David Rosenberg, the historian, observed that by the late ’70s the submarine had become the capital ship of the Navy because submarines were to lead the rest of the fleet into enemy waters. Every war game set in the 2020 or later time period demonstrates the same characteristic continues. Access to the places the United States is likely to be needed is not always going to be uncontested. The list of places where the Navy will have to fight its way into the littorals will grow. But a Navy of less than 100 surface ships, 8 to 10 carriers and about the same number of amphibious ready groups will be too small to use its customarily cavalier Nelsonian tactics. Too few to be risked lightly, the surface ships will either be too busy with area missile defense or too vulnerable to be able to force that access until the submarine has reduced the opposition to manageable numbers.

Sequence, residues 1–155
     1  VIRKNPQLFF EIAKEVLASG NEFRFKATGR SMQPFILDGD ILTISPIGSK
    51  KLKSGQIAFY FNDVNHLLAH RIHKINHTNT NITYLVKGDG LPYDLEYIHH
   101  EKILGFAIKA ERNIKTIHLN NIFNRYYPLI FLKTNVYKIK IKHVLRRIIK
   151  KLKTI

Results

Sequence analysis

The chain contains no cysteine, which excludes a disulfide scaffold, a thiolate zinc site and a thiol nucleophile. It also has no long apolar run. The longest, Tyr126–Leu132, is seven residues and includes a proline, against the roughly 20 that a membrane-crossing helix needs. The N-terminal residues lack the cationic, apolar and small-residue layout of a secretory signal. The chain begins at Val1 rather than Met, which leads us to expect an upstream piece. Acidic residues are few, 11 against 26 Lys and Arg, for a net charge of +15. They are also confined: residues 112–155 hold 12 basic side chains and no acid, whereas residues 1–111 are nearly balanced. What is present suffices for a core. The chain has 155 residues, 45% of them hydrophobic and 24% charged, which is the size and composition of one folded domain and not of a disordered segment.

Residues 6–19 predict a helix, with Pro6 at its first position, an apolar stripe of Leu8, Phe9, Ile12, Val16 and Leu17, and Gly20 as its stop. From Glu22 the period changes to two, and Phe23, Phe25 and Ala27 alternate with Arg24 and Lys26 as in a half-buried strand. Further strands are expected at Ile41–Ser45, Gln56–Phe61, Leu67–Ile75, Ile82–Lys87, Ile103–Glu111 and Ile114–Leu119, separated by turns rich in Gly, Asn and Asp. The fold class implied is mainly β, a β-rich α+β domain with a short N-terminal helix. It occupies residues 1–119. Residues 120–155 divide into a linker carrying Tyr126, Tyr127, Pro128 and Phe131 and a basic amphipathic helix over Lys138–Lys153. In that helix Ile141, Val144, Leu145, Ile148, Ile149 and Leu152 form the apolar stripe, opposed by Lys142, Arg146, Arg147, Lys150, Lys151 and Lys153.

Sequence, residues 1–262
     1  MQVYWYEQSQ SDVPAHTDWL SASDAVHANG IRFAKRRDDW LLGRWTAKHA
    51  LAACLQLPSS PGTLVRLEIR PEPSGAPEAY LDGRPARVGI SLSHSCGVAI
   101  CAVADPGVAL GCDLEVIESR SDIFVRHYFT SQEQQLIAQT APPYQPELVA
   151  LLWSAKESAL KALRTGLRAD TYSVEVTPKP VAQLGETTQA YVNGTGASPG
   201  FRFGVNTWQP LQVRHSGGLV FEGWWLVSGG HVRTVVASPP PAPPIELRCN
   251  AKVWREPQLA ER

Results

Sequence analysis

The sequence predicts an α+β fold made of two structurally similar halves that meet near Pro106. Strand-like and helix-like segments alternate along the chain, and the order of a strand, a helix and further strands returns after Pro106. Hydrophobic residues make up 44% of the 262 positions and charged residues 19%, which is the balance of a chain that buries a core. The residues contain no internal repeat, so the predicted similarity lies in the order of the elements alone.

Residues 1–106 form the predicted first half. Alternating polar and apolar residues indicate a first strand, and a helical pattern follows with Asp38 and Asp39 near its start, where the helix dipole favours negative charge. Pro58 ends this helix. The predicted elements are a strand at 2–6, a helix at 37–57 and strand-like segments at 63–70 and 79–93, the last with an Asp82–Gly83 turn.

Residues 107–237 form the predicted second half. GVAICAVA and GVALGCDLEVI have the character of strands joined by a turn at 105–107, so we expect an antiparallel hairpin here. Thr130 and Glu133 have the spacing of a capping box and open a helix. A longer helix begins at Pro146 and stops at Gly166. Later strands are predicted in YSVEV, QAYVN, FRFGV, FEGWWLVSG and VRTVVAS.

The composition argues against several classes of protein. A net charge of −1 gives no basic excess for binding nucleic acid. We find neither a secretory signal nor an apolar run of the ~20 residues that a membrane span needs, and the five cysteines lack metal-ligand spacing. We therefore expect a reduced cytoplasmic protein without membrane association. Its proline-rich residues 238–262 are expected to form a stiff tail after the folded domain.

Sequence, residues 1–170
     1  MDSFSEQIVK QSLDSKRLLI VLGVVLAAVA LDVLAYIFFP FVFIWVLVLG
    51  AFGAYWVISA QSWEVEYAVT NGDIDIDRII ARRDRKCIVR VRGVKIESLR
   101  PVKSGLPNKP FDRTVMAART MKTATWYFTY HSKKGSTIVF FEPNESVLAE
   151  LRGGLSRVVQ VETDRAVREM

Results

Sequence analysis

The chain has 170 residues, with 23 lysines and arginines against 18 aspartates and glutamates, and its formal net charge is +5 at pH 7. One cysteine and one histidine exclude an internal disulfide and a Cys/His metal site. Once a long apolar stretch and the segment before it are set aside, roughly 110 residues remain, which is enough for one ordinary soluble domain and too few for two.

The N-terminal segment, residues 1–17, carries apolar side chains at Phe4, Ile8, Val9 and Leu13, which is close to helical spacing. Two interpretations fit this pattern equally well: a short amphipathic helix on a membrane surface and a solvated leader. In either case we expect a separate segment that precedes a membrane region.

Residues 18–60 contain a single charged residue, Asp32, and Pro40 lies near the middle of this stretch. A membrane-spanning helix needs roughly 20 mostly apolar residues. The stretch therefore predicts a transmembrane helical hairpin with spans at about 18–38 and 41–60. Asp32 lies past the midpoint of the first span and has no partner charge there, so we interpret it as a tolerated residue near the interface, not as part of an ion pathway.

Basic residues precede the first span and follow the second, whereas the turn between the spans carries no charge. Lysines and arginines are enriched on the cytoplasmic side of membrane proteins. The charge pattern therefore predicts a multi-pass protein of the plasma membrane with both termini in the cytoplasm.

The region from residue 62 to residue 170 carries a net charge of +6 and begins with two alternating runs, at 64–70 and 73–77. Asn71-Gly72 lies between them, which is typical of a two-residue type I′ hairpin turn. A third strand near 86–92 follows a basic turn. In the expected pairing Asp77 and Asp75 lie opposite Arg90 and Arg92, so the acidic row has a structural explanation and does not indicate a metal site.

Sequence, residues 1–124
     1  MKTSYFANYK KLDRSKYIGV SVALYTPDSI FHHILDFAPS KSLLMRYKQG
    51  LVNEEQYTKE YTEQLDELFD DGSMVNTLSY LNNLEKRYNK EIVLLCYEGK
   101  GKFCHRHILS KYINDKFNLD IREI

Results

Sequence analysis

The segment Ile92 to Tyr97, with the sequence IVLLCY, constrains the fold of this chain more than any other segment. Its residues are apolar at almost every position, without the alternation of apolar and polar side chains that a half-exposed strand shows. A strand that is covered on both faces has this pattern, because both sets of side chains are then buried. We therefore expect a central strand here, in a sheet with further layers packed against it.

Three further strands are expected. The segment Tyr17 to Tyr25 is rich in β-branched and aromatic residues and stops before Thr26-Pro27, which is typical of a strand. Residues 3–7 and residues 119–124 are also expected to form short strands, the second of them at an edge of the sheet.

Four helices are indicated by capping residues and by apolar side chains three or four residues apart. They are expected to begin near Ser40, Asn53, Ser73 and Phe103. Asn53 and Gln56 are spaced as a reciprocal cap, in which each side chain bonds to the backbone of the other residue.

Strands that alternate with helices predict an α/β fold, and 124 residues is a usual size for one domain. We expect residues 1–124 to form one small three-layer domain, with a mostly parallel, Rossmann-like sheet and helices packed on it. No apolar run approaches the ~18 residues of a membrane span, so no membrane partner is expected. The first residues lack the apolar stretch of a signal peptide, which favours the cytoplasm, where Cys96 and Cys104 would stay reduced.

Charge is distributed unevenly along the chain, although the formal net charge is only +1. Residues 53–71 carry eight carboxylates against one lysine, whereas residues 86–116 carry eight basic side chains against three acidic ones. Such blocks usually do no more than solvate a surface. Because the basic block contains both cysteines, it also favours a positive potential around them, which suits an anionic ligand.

Submariners should not be fooled by their own propaganda into believing that submarines will be rewarded for their unique character. There are some aspects of that character that are not well understood or appreciated even within the submarine community itself and where misrepresentations are allowed to stand because of politeness or political comity. However, acquiescence is agreement: it is important to challenge unfounded beliefs and half-truths regardless of their author.

First and foremost, the pressure for smaller, cheaper, less fully capable submarines will never die. The arguments for properly sized and effective submarines must be made clearly and distinctly, not by claiming to be all things at all times but by being very clear as to what submarines can do. Even well grounded analysis will not convince some who prefer not to understand, but to hear naval officers on active duty suggest the United States invest in conventionally powered submarines indicates submarine advocates’ arguments have been ineffective.